WannaCry ransomware attack has brought more bad news for Microsoft, with a new report in the Financial Times saying that the Redmont-based software giant held back the security patch update, which could have slowed down the attack.
According to the Financial Times report, Microsoft was charging some consumers nearly $1000 a year in order to get protection against threats like WannaCry ransomware attack. It also points out how even in Windows 10, Microsoft is charging some customers extra if they want better security measures, which means that those who can’t pay more are at a higher risk for vulnerabilities.
Microsoft eventually issued a free security patch for Windows XP, Windows Vista, Windows 8 users (these systems are no longer officially supported by the company, but in many parts of the world consumers and even businesses continue to remain on these).
However, the Financial Times report points out that Windows XP users are still expected to pay extra if they want security and it currently stands at $1,000 per device. The report quotes someone who has seen Microsoft’s pricing schedule for customers.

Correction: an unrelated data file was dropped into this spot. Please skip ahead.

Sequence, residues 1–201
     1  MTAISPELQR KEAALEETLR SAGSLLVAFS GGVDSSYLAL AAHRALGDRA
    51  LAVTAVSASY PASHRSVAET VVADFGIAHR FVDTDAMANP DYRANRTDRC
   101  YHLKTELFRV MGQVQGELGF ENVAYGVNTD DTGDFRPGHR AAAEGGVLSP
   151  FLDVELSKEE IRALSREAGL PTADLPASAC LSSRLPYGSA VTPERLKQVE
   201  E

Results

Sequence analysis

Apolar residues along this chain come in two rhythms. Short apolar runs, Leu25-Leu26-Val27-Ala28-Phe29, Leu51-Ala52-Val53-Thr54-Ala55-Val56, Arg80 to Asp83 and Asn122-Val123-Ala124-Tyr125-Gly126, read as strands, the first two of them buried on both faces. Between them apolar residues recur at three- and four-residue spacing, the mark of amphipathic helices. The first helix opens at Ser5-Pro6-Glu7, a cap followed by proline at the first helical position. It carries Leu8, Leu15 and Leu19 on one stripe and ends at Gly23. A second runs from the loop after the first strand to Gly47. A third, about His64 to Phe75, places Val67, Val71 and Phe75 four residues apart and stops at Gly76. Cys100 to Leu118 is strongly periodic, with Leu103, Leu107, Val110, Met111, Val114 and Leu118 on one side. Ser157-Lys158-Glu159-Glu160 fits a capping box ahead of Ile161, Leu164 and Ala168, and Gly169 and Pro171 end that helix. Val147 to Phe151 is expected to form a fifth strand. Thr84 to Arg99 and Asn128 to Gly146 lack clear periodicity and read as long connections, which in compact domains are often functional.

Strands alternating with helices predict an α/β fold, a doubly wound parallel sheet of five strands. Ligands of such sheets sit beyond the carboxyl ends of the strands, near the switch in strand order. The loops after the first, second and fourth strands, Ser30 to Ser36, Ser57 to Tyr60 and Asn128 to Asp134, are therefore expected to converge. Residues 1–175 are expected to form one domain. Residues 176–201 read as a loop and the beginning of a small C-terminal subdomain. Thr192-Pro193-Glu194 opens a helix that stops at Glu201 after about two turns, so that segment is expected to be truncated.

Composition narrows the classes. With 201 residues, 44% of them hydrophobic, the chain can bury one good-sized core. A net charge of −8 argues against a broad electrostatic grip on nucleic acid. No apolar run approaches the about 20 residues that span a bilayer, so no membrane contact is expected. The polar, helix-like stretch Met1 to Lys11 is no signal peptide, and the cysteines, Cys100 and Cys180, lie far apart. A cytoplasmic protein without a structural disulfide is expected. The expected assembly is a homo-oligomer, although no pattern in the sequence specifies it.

For Microsoft though the crisis has come with criticism, and the latest Financial Times report will only put the spotlight on the company’s security practices.
It should be noted that Windows XP is an outdated version of Microsoft’s Windows operating system, which first launched in 2001. Microsoft for its part has been pushing customers to move to the latest Windows 10, which it claims is much more secure and has regular security update.
But as the WannaCry ransomware attack shows, this could be the beginning of something worse to come. Shadow Brokers, the group that is believed to behind the theft of the NSA hacking tools, has already threatened to put out more of these tools in the public. A recent letter by the group claims there are vulnerabilities in Windows 10 as well, and if the company doesn’t have security fix for these already, it could cause even more chaos.
Windows 10 is currently running on 500 million devices, and the latest threat by the hackers puts these at risk as well. WannaCry ransomware attack is not affecting devices with Apple’s MacOS or those running Linux-based operating systems.